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José Antonio López Medina: "The story of the Aranjuez mutiny was a coup d'état. That is why it is so relevant today"

Time to read: 6 min
Interview with José Antonio López Medina, writer and historian. His latest book, "La caída de Ícaro" (The Fallo of Ícaro), is a novel in which he recounts in detail what happened during the Aranjuez mutiny in March 1808. The mutiny, later glorified as a popular uprising against tyranny, was in reality a coup d'état directed from the ruling power. A story that takes on an even greater dimension in view of Spain's current complicated situation.


Álvaro Peñas: What led you to write a book about the Aranjuez mutiny?

José Antonio López Medina: I am from Aranjuez, and I grew up listening to a myth, a lie: that the people of Aranjuez rose up to demand their freedom and against Godoy, who had sold us out to the French. This has nothing to do with reality. What happened in Aranjuez from 13 to 19 March was a coup d'état. The Fernandinos (supporters of Crown Prince Ferdinand VII) mobilised the people with wine, money and a lot of fear, because we must bear in mind that the people of Aranjuez in the 19th century worked exclusively for the court. When Godoy saw that the French troops were approaching Madrid, he planned to take the kings to Andalusia and, if things got ugly, to take them to America. The Fernandinos used these plans to tell the locals that if the kings left, they would be out of work and starve to death. Logically, this inflamed the spirits of the population.

The coup is about to fail on the 16th because Carlos IV announces that he is not going to leave Aranjuez, but the Fernandinos use a visit by Carlos IV to Godoy, and the fact that the king's valid mistress and children were sent to Andalusia, to tell the people that they have been deceived. It is an absolute manipulation, like what is happening nowadays, they deceive and use fear to manipulate the people. That is why the story of the Aranjuez riot is so topical. A group of people are capable of using fear and manipulation to the point where they are able to use the people to their heart's content, and they manage to stage a coup d'état from power. And having done so, they created a false legend that has been kept alive for 215 years. Godoy had his shadows and also had important achievements, but he becomes the bad guy.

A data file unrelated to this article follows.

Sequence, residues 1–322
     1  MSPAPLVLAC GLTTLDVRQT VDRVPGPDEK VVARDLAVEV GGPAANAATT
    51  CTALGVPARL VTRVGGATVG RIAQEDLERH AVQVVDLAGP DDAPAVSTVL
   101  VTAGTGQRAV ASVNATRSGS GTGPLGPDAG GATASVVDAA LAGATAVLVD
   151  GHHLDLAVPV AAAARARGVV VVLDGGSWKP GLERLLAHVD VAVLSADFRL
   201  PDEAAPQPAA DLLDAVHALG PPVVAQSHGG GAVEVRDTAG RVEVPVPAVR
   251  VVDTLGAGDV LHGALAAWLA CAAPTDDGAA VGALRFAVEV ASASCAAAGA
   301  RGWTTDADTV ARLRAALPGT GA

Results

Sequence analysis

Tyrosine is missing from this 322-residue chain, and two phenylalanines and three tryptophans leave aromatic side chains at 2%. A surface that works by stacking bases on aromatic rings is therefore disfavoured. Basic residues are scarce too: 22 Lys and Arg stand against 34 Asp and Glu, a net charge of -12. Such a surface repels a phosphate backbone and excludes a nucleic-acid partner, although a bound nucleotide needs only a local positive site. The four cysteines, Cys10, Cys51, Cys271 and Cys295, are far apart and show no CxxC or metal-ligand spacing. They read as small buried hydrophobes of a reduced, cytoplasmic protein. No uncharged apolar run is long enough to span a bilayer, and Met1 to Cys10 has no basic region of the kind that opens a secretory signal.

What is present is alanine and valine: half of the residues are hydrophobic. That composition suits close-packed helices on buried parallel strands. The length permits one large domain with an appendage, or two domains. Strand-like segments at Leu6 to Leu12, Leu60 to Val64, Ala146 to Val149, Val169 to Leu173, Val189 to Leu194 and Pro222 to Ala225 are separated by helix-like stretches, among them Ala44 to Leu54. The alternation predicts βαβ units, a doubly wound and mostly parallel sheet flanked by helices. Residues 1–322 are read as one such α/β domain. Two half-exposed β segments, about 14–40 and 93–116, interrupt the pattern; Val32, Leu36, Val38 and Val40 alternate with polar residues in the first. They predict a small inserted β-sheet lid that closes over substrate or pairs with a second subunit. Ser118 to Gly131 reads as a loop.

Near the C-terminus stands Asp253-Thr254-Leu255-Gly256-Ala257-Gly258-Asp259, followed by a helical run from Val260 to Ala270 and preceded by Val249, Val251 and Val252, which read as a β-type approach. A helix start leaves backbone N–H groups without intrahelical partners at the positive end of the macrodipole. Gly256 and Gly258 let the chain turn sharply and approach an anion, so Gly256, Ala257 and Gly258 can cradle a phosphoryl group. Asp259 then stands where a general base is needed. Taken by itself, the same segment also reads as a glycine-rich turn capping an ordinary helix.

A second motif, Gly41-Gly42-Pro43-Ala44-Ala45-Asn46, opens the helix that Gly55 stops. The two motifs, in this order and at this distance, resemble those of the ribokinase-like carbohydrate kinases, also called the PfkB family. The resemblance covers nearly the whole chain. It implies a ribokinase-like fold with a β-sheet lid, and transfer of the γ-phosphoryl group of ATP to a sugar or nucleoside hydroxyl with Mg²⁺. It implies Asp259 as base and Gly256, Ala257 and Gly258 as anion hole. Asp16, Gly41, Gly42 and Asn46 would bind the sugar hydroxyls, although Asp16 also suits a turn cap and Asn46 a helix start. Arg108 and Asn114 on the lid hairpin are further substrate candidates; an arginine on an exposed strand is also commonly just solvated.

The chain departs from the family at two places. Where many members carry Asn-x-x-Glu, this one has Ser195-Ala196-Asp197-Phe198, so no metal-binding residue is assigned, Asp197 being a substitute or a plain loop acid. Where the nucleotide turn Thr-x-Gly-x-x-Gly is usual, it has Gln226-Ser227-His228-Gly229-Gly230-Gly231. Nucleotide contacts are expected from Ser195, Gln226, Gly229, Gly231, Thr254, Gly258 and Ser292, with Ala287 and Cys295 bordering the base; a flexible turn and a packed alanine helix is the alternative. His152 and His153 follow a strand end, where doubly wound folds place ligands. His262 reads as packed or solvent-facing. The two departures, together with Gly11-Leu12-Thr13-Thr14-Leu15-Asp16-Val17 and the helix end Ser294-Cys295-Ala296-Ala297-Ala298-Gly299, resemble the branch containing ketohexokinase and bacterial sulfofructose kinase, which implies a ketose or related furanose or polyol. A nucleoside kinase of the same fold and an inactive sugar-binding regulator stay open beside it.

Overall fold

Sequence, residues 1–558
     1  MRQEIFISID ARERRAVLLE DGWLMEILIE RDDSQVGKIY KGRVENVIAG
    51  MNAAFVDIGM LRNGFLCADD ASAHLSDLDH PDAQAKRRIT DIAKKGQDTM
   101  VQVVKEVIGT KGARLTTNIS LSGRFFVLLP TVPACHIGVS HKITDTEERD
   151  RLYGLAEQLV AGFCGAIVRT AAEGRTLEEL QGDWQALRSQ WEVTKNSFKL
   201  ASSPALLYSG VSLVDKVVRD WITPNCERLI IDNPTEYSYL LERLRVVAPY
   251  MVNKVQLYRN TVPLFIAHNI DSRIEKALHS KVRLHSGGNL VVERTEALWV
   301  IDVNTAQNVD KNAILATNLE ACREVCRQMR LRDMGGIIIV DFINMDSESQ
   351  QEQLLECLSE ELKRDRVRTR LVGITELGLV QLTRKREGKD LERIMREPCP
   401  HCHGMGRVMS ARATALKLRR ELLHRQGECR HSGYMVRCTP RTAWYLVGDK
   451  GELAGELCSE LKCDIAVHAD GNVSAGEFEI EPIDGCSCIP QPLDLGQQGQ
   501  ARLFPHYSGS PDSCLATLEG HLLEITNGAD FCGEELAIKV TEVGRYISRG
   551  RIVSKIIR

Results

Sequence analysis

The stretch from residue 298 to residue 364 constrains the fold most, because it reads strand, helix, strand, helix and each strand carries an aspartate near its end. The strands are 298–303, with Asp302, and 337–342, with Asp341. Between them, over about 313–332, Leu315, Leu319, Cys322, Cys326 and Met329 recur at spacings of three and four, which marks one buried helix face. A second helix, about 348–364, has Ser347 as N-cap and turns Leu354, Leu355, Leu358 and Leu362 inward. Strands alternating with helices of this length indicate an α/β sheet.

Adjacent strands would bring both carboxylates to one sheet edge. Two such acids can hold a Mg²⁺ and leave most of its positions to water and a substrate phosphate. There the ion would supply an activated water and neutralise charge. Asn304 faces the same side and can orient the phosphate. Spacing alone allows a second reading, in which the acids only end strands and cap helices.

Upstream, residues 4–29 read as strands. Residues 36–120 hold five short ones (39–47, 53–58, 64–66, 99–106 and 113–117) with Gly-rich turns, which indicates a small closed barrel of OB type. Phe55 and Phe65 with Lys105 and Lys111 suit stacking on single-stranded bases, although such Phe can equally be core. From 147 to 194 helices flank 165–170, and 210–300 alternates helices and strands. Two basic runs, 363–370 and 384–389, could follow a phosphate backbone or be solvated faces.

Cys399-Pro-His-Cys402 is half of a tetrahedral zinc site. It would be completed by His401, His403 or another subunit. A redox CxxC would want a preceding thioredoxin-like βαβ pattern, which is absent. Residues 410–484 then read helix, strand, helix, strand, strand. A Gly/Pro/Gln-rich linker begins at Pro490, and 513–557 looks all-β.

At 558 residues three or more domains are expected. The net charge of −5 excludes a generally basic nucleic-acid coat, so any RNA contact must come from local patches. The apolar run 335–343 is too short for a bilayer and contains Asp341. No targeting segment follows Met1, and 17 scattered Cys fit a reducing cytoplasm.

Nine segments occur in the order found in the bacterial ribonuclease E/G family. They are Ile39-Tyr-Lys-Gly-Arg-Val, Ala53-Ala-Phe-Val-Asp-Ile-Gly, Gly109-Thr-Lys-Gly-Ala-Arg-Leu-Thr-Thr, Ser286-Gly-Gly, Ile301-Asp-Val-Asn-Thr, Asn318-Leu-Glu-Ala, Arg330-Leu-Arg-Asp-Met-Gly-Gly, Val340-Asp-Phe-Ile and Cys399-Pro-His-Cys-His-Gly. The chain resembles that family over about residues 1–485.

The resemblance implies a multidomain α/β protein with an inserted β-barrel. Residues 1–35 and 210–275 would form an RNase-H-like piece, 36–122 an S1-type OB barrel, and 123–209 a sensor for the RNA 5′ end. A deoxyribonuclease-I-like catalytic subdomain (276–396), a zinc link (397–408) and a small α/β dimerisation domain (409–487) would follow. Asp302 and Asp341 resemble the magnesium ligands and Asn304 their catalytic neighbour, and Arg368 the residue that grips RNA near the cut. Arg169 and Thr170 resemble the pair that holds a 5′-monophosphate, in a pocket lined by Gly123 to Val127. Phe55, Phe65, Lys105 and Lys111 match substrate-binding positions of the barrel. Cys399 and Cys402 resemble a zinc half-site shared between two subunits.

So, it was not a popular mutiny.

It was not a popular mutiny, it was a led mutiny. Although at one point, the Fernandinos are about to lose control of the situation when the crowd, which is drunk and fired up, tries to storm a barracks to get weapons. Charles IV believes that the same thing will happen to him as happened to Louis XIV and that the people will storm his palace, and in panic he hands over the crown to his son.

You mention the drunken and led mob, which is very similar to what happened during the French Revolution.

Yes, it is very similar and it could have ended in a similar way, with a bloodbath. But in Aranjuez it was different because Ferdinand took the crown very quickly and because the army is practically bought off. The Council of Castile bought off the military commanders so that they would not defend Charles IV, and to this we must add that many envied Godoy, who held the position of "Generalissimo" and was the first in Spanish history to be given that rank. The fact that a mere soldier had become generalissimo did not endear him to the officers. 

He was also accused of being the queen's lover.